If you've seen movies like "Wall Street," you may view stockbrokers as high powered individuals who spend their days wheeling and dealing. Alternatively, you may believe stockbrokers spend their entire working day in the trading pit, waving their arms wildly amidst a sea of flying paper. These aspects of the job are important, however, stockbrokers must complete rigorous training before they are ever allowed to make their first trades.
Stockbrokers trade in what are known as securities -- essentially, the rights to particular goods or assets, or the right to purchase specific goods or assets at a given future date. Many stockbrokers work for large brokerage houses who make trades for several clients, while other stockbrokers work independently for a few individual clients or for smaller groups. Whether employed by a brokerage firm or working independently, stockbrokers perform trades on behalf of clients who are unable to directly access the trading floor. Stockbrokers who perform trades for a firm or for themselves are known as traders.
Training and Education
Many stockbrokers begin their careers as sales assistants, while others undertake special brokerage training programs. Some of the most successful stockbrokers transfer sales and finance experience from different industries into positions within the securities sector. More than two out of every three stockbrokers holds at least a bachelor's degree, according to the Bureau of Labor Statistics. Even entry level brokerage clerks often hold college degrees. There are no specific educational requirements for the job, however, many stockbrokers have a background in economics, finance, business or accounting. For higher level positions, a masters degree in business administration (MBA) is a definite asset.
Series 7 Exam
Stockbrokers must register with the Financial Industry Regulatory Authority (FINRA) and earn a passing grade of 70 percent or more correct responses for the General Securities Registered Representative Examination, commonly called the Series 7 Exam. The Series 7 Exam, administered by FINRA, is six hours long and includes 250 multiple-choice questions. Topics for the Series 7 Exam include individual retirement accounts (IRAs), the Securities and Exchange Commission Act of 1934, insider trading and questions that determine test taker's knowledge of the stock market.
Stockbrokers Versus Financial Advisers
Many stockbrokers perform dual duty as financial advisers; however, the two roles are not identical. Unlike stockbrokers, financial advisers oversee much of the financial portfolios of their clients; some financial advisers handle all their clients financial affairs. A major difference between stockbrokers and financial advisers is the standard to which the securities industry holds workers in each position. Financial advisers must meet a fiduciary standard, including placing the interests of clients first. Stockbrokers, on the other hand, are held to a less stringent suitability standard, which requires the stockbroker to offer products that are "suitable" to the client based on several factors, including time and investing experience.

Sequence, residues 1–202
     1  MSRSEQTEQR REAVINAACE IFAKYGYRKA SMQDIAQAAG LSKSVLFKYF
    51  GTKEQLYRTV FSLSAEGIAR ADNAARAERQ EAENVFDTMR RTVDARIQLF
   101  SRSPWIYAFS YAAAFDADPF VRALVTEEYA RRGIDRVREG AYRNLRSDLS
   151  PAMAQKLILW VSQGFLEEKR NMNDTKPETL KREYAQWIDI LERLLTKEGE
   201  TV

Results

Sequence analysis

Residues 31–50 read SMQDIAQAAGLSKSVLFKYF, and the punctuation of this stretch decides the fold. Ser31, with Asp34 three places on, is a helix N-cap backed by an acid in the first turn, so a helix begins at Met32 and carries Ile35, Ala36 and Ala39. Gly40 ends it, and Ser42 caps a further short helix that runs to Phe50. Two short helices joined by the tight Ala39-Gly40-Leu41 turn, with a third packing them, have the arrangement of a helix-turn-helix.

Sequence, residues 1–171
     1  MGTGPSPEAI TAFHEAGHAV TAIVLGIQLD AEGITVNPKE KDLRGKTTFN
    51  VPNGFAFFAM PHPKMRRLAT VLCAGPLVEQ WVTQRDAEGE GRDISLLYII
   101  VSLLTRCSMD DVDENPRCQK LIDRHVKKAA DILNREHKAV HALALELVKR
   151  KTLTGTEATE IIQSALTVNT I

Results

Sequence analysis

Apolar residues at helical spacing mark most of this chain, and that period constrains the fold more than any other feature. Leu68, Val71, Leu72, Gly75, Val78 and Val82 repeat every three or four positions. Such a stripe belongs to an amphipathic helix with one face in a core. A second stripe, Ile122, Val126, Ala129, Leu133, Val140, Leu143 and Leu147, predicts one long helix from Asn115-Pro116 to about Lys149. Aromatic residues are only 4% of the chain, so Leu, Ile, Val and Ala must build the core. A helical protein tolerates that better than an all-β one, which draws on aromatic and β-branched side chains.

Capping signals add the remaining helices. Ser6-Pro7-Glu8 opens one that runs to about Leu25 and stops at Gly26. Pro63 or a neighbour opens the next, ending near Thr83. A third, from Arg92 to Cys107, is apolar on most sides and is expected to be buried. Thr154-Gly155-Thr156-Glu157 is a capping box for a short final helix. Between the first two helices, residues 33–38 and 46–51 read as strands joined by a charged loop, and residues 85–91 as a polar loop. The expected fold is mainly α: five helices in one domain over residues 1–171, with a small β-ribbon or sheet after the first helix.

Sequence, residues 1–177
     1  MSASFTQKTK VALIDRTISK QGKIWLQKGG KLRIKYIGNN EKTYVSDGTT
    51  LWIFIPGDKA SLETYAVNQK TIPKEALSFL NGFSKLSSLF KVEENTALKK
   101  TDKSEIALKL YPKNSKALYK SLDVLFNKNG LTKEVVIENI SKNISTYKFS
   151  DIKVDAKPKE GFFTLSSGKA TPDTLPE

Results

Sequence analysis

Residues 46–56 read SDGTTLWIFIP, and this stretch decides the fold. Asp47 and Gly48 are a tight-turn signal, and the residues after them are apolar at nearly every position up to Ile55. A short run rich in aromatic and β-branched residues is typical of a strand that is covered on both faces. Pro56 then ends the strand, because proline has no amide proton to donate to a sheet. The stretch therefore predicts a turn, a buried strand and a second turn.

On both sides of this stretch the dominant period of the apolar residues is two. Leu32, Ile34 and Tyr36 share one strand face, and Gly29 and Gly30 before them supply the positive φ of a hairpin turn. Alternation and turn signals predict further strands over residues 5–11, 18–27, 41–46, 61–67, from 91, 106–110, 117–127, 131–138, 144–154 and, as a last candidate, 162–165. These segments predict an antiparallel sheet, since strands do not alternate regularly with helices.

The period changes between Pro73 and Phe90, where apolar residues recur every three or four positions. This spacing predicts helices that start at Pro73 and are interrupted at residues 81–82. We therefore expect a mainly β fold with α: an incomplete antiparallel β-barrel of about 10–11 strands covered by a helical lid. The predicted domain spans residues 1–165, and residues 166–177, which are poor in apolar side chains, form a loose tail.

- Bureau of Labor Statistics: Career Guide to Industries, 2010-11 Edition -- Securities, Commodities and Other Investments
- Bureau of Labor Statistics: Occupational Outlook Handbook, 2010-11 Edition -- Securities, Commodities, and Financial Services Sales Agents
- BrokerJobs.com: Stockbroker Career
- Test Prep Review: Series 7 Test Breakdown
- Bankrate.com; Uniform Fiduciary Standard; Sheyna Steiner; January 2011
- Financial Industry Regulatory Authority: FINRA Registration and Examination Requirements
- The Committee for the Fiduciary Standard; Five Fundamental Fiduciary Principles; Blaine Aiken; July 2009
- U.S. Securities and Exchange Commission: Series 7 Examination; March 2008
- Bureau of Labor Statistics: Occupational Outlook Handbook, 2010-11 Edition -- Brokerage Clerks
- Bankrate.com; Adviser Fees Confusing; Sheyna Steiner; June 2011
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